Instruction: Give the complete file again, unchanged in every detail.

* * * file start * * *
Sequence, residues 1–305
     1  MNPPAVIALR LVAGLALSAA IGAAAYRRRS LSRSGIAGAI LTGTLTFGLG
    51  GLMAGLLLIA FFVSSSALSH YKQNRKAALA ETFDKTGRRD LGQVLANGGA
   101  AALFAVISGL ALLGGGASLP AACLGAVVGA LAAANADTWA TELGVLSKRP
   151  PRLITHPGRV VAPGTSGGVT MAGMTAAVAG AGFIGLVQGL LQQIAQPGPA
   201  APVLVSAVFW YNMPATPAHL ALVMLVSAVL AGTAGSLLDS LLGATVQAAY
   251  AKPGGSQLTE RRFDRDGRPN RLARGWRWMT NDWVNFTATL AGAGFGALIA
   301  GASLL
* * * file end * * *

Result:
Sequence, residues 1–305
     1  MNPPAVIALR LVAGLALSAA IGAAAYRRRS LSRSGIAGAI LTGTLTFGLG
    51  GLMAGLLLIA FFVSSSALSH YKQNRKAALA ETFDKTGRRD LGQVLANGGA
   101  AALFAVISGL ALLGGGASLP AACLGAVVGA LAAANADTWA TELGVLSKRP
   151  PRLITHPGRV VAPGTSGGVT MAGMTAAVAG AGFIGLVQGL LQQIAQPGPA
   201  APVLVSAVFW YNMPATPAHL ALVMLVSAVL AGTAGSLLDS LLGATVQAAY
   251  AKPGGSQLTE RRFDRDGRPN RLARGWRWMT NDWVNFTATL AGAGFGALIA
   301  GASLL